Ortolanus

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Ortolanus (fl. 1300), also known as Hortulanus was a medieval alchemist. Little information exists about his life and identity. He is best known for his influential commentary on The Emerald Tablet entitled Liber super textum Hermetis. It was composed before 1325, and the original work has two sections.

The first is entitled Spiritus quinte essentie et in quo elemento habitat. It is dedicated to making a prodigious substance, the quintessence, from a mysterious material called argento vivo, which happens to be wine. Ortholan is the first author to relate alcohol and quintessence, half a century before Jean de Roquetaillade.[1] According to his view, the quintessence would have a universal presence, but is best obtained of some substances. Ideally the wine.

The second part is a theoretical text. It is written as a comment to the Emerald Tablet attributed to Hermes. Its theme revolves around the primordial heat, praised by Hermes as a universal substrate that gives dynamism to the whole cosmos. Ortolanus believes alcohol or quintessence is the hidden primordial heat in all material things. This second part was published in the alchemical compilation In hoc volumine de alchemia continentur hæc (1541). It was printed again in 1545. A 1560 edition appeared under the name Compendium alchimiae and was attributed to Johannes de Garlandia (philologist). Another edition followed in 1571.[2] With this widespread the second section became very popular among alchemists of the Early modern period. The first part, which was never published, was forgotten and no one related Ortolanus to the development of the concept of quitaessencia.

Identity[edit]

The true identity of Ortolanus is unknown. His works have been falsely attributed to Johannes de Garlandia (philologist) (fl. 1205-1255), and more probably to Jakob Ortlein of Nördlingen (fl.1275-1325), who may have been a Dominican monk.[3] He has also been given the names Martin Ortolan or Lortholain in later sources.

The preface of his famous commentary gives a hint to his identity: "I Hortulanus, so called from the Gardens bordering upon the sea coast, wrapped in a Iacobin skinne, unworthy to be called a Disciple of Philosophie,...".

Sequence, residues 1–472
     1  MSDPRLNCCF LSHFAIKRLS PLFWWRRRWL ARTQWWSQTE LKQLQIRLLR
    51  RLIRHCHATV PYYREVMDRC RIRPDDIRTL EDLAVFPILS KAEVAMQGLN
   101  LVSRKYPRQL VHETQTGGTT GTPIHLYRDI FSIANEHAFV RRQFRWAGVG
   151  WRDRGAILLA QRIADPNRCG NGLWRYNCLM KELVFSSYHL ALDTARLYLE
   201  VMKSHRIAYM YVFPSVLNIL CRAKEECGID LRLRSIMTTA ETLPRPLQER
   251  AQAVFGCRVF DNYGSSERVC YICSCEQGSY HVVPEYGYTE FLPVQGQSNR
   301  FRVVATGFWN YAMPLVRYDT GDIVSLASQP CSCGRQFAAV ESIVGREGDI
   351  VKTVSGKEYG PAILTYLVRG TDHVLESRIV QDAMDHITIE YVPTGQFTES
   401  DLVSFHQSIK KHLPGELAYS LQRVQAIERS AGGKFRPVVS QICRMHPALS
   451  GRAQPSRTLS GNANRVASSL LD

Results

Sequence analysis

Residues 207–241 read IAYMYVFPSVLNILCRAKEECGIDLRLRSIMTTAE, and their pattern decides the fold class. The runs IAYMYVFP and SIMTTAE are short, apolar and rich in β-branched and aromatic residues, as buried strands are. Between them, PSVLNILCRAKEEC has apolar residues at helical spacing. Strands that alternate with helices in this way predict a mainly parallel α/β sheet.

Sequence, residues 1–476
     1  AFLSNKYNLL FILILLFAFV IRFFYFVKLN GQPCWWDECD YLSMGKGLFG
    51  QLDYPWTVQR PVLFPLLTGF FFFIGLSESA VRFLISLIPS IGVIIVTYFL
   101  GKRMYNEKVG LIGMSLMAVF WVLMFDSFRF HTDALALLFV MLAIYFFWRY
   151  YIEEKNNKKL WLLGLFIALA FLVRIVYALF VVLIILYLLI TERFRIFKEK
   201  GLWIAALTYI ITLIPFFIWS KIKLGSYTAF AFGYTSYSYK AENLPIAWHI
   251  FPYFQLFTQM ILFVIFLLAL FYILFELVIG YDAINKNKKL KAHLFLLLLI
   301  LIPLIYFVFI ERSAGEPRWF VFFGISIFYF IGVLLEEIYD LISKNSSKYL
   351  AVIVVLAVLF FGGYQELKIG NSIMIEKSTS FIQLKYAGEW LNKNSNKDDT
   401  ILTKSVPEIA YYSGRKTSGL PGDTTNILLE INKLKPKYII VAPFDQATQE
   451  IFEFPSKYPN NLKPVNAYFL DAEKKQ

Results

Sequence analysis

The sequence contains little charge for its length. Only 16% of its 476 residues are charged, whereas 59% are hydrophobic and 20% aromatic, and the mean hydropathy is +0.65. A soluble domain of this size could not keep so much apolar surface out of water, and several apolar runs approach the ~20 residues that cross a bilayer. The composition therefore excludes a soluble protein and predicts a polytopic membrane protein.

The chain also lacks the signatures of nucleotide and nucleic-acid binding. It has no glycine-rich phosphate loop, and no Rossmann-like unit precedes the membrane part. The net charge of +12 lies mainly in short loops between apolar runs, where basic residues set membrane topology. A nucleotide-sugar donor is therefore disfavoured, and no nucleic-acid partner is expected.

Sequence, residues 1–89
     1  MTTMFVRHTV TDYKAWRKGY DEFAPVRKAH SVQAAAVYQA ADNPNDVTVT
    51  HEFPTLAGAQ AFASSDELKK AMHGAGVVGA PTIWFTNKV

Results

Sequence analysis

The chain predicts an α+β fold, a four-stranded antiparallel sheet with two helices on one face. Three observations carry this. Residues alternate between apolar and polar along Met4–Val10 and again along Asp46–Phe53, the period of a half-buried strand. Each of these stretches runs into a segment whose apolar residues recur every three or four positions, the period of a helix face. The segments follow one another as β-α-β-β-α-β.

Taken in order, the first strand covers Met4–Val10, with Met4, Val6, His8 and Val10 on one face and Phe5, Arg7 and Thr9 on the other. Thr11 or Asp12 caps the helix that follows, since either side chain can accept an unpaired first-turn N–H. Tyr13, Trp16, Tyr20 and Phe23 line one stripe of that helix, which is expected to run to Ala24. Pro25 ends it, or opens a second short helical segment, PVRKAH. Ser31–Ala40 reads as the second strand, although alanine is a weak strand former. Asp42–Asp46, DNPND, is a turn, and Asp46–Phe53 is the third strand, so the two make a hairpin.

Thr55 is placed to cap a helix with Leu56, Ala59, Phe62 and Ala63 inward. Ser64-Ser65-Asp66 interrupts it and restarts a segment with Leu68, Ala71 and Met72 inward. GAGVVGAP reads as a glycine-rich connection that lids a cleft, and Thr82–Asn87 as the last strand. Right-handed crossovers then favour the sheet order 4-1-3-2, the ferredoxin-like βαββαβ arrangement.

Works[edit]

  • Rosarius minor. Can be found in the Mellon Collection, Yale University Library MS. 5.
  • Textus alkimie.
  • Liber super textum Hermetis or Commentary on the emerald tablet of Hermes. Ortolanus interpreted the text of the Emerald Tablet as an allegorical physico-chemical recipe for the Philosopher's Stone.[4]

There is a later commentary by an alchemist called John Bumbles or Dombelay : Practica vera alchemica. It was completed in 1386 and dedicated to Kuno II von Falkenstein. This work claims to be based on a practice done by the author himself or someone else in 1358.[5]

References[edit]

  1. ^ JOSÉ RODRÍGUEZ-GUERRERO, Desarrollo y Madurez del Concepto de Quintaesencia Alquímica en la Europa Medieval (s. XII-XIV). pp. 30-56. http://www.revistaazogue.com/azogue5.htm
  2. ^ Bibliotheca Chemica, Part 1 By John Ferguson p.420
  3. ^ JOSÉ RODRÍGUEZ-GUERRERO, Desarrollo y Madurez del Concepto de Quintaesencia Alquímica en la Europa Medieval (s. XII-XIV). p. 40. http://www.revistaazogue.com/Azogue5-3.pdf
  4. ^ The Secret History of Hermes Trismegistus: Hermeticism from Ancient to Modern Times. Florian Ebeling. Cornell University Press, 2007. p.51
  5. ^ Introduction to the history of science, Issue 376, Volume 3. George Sarton. Published for the Carnegie Institution of Washington by the Williams & Wilkins Co., 1947